If the United States is really in a recession, chances are Hispanic workers found out about it first. That’s because the nation’s Latinos have consistently higher unemployment rates than whites and are out of work for longer periods of time.
Those findings are contained in “Examination and Comparison of Hispanic and White Unemployment Rates,” a paper published in the Journal of Business Valuation and Economic Loss Analysis. Written by Angel Reyes, a Dallas lawyer, and three academics from Texas Tech and Augusta State universities, the study looked at white and Hispanic unemployment rates from 1976 to the present and found that not only was the Hispanic unemployment rate always higher than that for whites but that, overall, it surpassed the white rate by nearly 65 percent.
The study also found that Hispanics lose employment sooner in an economic downturn, have to deal with longer periods of unemployment and face what the paper calls a “riskier” labor market than whites, meaning they have to deal with a higher probability of being unemployed and greater job instability.
Although the paper deals only with the legal job market — “I don’t think the Bureau of Labor Statistics knows how to measure unemployment among the undocumented,” said Bradley Ewing, a Texas Tech professor of operations management and a study co-author — it provides a real insight into the problems facing the burgeoning Hispanic population in this country. That population is expected to represent 17 percent of the U.S. population by the year 2015.
If nothing else, the study is an affirmation of the “last hired, first fired” syndrome, which seems to affect Hispanics disproportionately. “The Hispanic work force is younger,” Reyes said, “and if you compound that with lesser educational attainment and less job training, that’s the perfect storm for why Hispanics remain out of work longer.”
“There may also be some discrimination” involved, Bradley added, noting that even though the unemployment gap seems to be closing, “if left to its own, it would take 30 years to close (entirely).”
Nevertheless, this narrowing unemployment gap is a positive sign because it reflects how Hispanics slowly but surely are integrating into the labor market. The work force is “becoming more integrated and more similar,” Bradley said, “but it is happening slowly. One of the reasons is sheer numbers, like here in Texas there is a large Hispanic population.”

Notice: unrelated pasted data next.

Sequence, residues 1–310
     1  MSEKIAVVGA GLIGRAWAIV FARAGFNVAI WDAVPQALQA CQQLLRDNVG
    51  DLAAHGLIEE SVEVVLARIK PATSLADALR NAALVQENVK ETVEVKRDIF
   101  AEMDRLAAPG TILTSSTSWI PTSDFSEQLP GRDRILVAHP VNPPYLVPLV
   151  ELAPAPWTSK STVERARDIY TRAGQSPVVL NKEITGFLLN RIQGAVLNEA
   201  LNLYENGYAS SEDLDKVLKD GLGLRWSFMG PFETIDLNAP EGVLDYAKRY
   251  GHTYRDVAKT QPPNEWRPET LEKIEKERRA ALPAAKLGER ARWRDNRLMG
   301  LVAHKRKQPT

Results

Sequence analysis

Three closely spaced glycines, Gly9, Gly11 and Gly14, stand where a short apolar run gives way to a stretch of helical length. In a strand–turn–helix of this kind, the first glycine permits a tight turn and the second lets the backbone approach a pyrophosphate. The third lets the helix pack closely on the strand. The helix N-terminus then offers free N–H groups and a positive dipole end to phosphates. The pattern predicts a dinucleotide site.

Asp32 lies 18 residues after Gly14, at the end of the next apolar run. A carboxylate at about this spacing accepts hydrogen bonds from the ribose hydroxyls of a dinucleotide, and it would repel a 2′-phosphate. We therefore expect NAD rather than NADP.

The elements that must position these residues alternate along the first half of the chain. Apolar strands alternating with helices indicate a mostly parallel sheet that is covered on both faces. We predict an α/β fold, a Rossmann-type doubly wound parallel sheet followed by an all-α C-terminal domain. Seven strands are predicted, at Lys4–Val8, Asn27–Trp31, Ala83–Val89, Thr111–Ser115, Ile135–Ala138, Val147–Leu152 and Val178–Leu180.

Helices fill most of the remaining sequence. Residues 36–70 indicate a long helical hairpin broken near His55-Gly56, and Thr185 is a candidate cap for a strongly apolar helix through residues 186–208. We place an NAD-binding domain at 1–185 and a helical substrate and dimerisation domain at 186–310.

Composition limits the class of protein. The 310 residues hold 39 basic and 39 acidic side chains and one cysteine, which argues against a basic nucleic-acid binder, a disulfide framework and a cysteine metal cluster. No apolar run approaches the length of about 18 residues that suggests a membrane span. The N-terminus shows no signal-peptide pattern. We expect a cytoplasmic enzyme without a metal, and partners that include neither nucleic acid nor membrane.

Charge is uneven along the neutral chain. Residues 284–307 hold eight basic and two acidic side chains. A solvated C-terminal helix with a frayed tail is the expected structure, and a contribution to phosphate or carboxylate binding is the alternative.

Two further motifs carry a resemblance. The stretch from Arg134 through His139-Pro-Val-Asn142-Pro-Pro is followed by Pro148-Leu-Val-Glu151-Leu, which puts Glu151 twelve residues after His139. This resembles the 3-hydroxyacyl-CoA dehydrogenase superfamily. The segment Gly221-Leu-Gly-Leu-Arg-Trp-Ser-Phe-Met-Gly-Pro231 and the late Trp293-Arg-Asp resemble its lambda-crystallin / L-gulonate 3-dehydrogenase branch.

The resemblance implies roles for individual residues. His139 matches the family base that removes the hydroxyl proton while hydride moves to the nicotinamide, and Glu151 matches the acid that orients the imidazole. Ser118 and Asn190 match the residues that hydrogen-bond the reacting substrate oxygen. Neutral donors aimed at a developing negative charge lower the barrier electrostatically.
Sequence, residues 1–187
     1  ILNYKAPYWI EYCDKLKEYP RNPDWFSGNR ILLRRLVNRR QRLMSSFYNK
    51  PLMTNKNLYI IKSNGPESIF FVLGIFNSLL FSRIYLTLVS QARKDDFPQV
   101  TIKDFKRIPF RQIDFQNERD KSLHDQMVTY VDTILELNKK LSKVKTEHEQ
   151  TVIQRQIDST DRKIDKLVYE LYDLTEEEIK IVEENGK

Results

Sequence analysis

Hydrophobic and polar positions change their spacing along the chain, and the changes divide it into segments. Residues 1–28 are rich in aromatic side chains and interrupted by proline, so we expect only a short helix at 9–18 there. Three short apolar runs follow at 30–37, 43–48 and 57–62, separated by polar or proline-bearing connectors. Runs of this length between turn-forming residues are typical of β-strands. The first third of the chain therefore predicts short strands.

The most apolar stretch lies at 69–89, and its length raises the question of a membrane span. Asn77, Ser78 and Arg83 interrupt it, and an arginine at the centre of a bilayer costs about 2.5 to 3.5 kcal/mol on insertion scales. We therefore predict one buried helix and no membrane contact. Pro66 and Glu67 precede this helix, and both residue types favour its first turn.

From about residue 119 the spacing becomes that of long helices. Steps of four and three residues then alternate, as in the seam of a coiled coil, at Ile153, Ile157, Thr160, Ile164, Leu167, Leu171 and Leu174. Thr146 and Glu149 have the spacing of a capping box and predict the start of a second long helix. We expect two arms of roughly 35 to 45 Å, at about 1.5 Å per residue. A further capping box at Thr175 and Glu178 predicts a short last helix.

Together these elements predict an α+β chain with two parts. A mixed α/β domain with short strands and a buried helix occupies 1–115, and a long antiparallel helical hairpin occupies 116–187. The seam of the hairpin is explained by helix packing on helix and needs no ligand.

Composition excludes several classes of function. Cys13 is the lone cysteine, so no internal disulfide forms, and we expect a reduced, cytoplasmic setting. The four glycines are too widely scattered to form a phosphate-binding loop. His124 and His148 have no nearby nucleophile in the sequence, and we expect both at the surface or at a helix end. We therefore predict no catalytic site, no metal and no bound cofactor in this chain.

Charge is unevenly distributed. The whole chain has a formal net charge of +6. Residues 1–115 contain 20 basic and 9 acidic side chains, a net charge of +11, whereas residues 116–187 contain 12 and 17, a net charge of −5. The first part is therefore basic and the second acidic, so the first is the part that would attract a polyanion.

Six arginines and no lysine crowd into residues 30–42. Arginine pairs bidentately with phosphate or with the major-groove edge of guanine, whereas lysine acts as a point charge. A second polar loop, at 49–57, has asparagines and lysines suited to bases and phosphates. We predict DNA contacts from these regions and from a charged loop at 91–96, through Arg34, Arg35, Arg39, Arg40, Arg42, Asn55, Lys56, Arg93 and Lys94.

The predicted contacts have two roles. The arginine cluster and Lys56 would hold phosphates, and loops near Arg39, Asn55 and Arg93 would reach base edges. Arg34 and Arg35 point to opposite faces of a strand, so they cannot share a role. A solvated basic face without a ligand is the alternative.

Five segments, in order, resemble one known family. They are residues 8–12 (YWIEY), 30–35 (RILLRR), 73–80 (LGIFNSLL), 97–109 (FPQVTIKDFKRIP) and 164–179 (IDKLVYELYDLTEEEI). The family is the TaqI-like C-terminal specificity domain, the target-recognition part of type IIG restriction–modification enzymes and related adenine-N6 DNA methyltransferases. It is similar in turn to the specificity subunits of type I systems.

In order to address this employment imbalance, the paper’s authors come down solidly on the public policy side of the issue, insisting that programs that address the divide need to be strengthened or put in place.
“If you say we don’t want that big of a gap,” Bradley said, “we suggest emphasizing policies that educate Hispanics in the labor force and increase job tenure. That’s one way to avoid getting laid off.”
“The important thing is increasing education, which increases productivity,” Reyes added. “In a competitive environment, firms look to more than seniority. If you have a person who is more productive, that person will keep their job.”
The question left open by the study, however, is whether or not there is a political will to correct these imbalances. Reyes believes there isn’t and that right now, Hispanic issues like immigration “tend to be more polarizing.” But he looks into the near future and notes the pressures entitlement programs like Medicare and Social Security will put on the economy.
“We will have to have a productive work force to maintain these benefits we have been promised,” he said. “And as the Hispanic labor force grows, it’s imperative that (the unemployment) gap close because they (Hispanics) will be part of funding those promised entitlements. If the will is lacking today, it will not be in four to eight years because we cannot afford to ignore it.”
Reyes is nothing if not pragmatic.
He feels the Democrats will be the first to address Hispanic issues because no matter who is elected president, “I think you will find 65 percent of Hispanics voting for the Democratic ticket this year, so when those numbers are put in front of you, you will play to your base.” (Ed. -- In fact, the actual Latino vote for Obama was 66 percent, according to a national CNN exit poll.)
But, Bradley added, “The biggest issue for the incoming president is the overall economic situation, and these (Hispanic) issues will be pushed back somewhat.”
This means that for the foreseeable future, the issue of Hispanic job security will most likely play out as it always has.
“Eventually, everyone joins the mainstream,” Reyes said. “They begin at the lowest rung of the labor force and eventually are integrated into the larger labor force.”
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